Contains 50% sunflowers, along with 7 different seeds, 3 varieties of nuts, and cracked corn with no fillers. Comes in a resealable bag.
A few issues with spoiled bags containing mold, fungus, or other contaminants.
Black sunflower seeds are nutritional for most birds. High in oil content for energy. Easy to chew through the shells even for smaller birds like the chickadee. Budget-friendly option.
Isn't a lot of variety, may be recommended as an additive to other mixes.
The high-energy suet base leaves no waste or mess and is ready to feed. Designed for suet, fruit, and insect-eating birds, it can be used in a variety of feeders.
Some found their backyard birds took a while to adjust to it.
A good blend of seeds that the birds can completely eat. All nuts in the blend are completely shell-free. Can be used for birds year-round. Resealable package.
The blend contains some additives that seem unnecessary.
This premium blend contains peanuts, cranberries, papaya, raisins, sunflower, and more, all enriched with vitamins and minerals. Very little waste. Resealable bag.
Raisins are toxic to cats and dogs, so make sure they can’t scrounge from any that fall from the feeder.
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There’s more to feeding backyard birds than throwing out some seeds and hoping for the best. Depending on where you live and what kind of birds you are able to attract, you will need to select the right food for your local feathered friends.
Feeding wild birds can be a long-term commitment. Once you put out a feeder, it can take a while for birds to discover it. But when they do, birds will begin to look for food in your vicinity all the time, so be prepared to continue feeding throughout the year, and not just in winter when food is scarce. In fact, spring and summer (during nesting season) is even more important, when adults raise their broods. You don’t want them to waste valuable energy coming to your feeder to look for tasty treats if they aren’t there.
In return for your efforts and diligence, though, you’ll be treated to a fascinating array of wildlife right in your backyard, and enjoy seeing them delight at the cornucopia you have provided for them. Read on for how to select the right wild bird food, and see our top picks.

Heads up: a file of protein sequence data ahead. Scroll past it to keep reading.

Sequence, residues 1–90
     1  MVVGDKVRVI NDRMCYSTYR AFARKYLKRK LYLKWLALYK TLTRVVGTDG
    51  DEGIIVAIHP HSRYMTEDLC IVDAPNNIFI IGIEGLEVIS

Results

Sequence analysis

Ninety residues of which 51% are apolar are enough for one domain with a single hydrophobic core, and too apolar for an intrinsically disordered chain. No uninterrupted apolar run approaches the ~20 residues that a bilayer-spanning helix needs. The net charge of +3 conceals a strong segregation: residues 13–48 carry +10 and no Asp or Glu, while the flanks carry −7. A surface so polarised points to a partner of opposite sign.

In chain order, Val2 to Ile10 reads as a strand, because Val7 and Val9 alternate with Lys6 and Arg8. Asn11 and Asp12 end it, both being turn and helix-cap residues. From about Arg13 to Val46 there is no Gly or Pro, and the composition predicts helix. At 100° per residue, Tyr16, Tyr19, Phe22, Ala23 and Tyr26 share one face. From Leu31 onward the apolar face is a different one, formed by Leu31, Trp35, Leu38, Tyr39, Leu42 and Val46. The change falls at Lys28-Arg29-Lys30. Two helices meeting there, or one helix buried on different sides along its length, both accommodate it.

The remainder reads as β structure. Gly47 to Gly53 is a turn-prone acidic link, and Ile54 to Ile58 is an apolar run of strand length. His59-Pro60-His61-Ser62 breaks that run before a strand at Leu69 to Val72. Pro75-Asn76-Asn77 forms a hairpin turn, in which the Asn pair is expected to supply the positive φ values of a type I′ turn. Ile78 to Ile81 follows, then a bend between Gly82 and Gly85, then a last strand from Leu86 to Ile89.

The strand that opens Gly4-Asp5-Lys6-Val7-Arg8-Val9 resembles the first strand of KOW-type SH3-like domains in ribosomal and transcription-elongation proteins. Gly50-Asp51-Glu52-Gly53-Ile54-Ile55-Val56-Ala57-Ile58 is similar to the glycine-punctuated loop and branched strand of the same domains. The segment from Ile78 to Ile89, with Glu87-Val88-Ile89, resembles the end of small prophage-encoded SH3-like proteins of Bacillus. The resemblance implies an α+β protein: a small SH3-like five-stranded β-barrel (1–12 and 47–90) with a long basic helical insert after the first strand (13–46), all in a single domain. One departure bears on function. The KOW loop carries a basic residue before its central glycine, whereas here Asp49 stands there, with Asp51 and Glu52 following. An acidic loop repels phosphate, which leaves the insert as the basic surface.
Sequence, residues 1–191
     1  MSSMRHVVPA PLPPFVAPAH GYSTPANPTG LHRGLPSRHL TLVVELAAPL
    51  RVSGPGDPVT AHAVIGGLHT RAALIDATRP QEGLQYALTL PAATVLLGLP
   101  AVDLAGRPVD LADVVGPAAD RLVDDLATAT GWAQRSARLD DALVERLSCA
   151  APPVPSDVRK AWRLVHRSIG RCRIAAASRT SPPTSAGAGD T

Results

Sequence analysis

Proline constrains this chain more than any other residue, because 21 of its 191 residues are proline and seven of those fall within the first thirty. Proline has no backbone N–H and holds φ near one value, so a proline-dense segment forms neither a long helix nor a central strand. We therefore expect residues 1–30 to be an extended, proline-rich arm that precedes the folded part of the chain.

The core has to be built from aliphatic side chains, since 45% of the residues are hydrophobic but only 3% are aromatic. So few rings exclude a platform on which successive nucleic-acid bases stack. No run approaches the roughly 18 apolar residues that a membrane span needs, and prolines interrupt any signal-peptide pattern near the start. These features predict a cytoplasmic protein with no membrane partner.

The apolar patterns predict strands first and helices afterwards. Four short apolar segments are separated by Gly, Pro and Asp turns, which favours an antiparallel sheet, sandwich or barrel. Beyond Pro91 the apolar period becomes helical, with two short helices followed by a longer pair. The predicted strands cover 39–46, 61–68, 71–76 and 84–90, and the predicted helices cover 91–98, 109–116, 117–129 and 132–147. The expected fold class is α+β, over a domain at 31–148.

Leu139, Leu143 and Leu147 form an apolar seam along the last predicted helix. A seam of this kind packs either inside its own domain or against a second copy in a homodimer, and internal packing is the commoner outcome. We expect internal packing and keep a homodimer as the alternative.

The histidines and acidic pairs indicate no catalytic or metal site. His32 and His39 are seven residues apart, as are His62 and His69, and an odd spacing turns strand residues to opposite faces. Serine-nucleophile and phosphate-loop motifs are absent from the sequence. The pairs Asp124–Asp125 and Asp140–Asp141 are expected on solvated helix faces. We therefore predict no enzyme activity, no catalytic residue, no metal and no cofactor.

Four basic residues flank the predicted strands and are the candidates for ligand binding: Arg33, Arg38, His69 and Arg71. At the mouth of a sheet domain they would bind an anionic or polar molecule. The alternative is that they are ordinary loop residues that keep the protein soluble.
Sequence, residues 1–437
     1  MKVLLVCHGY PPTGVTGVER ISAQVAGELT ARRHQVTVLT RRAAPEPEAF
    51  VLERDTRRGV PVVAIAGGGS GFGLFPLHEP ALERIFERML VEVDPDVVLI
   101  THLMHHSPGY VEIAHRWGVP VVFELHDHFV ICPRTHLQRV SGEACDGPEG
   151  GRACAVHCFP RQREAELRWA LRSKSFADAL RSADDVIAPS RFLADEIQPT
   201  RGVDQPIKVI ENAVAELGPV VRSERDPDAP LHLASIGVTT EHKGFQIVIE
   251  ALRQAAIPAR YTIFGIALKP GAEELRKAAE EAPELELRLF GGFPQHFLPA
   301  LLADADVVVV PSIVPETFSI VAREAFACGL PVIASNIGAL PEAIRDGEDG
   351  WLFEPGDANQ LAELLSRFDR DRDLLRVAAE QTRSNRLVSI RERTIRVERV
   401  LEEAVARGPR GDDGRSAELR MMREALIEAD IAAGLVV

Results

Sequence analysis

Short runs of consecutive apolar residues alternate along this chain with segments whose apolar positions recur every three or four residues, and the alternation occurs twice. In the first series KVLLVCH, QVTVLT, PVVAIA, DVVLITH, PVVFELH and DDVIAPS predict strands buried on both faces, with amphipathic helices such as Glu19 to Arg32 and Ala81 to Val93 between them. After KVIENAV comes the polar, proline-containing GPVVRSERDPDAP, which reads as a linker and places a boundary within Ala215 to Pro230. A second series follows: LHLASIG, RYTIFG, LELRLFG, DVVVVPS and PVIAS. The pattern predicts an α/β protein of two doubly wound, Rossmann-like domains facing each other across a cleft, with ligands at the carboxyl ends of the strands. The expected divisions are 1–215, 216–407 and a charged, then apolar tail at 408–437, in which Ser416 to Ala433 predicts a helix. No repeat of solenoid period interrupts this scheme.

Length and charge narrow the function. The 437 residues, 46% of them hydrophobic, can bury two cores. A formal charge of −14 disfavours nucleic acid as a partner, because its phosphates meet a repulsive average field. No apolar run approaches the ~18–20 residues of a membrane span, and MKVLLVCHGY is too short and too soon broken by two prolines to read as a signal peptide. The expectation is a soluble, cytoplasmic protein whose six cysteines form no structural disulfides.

If you are successful at your bird feeding, you will need to replenish the feeders often — as much as once a day. Before you begin shopping for a wild bird food, here are some important considerations.
Buying in bulk will save you money if you think you will have many birds eating at your feeder(s). If you buy in bulk, it is well worth buying online for delivery rather than heaving bulky bags home from the store.
If you only have a small feeder and don’t need as much, don’t get so much seed that it spoils before use. One bag under 20 pounds at a time will suffice.
The following are important factors to know so that you buy the right kind of food:
Geographic location: Know what birds are native to your area, and also what species tend to migrate through it at certain times of year.
Climate: You may need different seeds in different seasons.
Bird species: No matter how much you want to attract certain birds, if they are not native to your area, no amount of seed will bring them there. Target the appropriate species with their preferred food.
This is the most common type of feed you will find at the grocery or garden supply store, and are often the cheapest. They usually contain millet, cracked corn, milo, wheat, and other grains, plus a few sunflower seeds. Because this is a smorgasbord for the birds, with a lot of “filler” grains, you may find more grackles, sparrows, and blackbirds at your feeder while the more desirable songbirds go elsewhere. You’ll also find this kind of seed creates quite a bit of waste and mess. Higher quality wild bird mixes will have a better mix of the more desirable seeds, however, so check the ingredients. Or, you may want to consider a few different feeders with specialized seeds.
White millet is for ground feeders like doves and quails, but will also attract blackbirds and sparrows, which makes it less popular as a feed because it can bring too many birds to your yard.
Nyjer (or nijer) seeds are imported seeds from Ethiopia. They are often called thistle seeds but are in fact an herb grown for its edible seed and oil. These are beloved by goldfinches and are fed in small wire feeders or pre-made thistle seed socks. They are heat treated or sterilized so that any remnants that fall on the ground won’t germinate.
These come as black oiled sunflower seeds or striped seeds, which have a thicker shell. Most birds love sunflower seeds, and it’s the number one choice for attracting a lot of birds. They are especially good for attracting cardinals, finches, and songbirds. The striped sunflowers are more expensive, but because they are a little tougher to eat, they tend to keep the sparrow count down. There are also sunflower hearts, or chips, which can be used in wire feeders. These have the additional advantage of not producing any debris in the way of hulls.
This will attract lots of birds, but has its problems. It’s the most likely to have pesticide residue, and it’s a big draw for other critters like deer, squirrels, or even bears. Never use corn that has been treated with fungicide. It will have a red dye indicating that it is toxic to wildlife, pets, and people.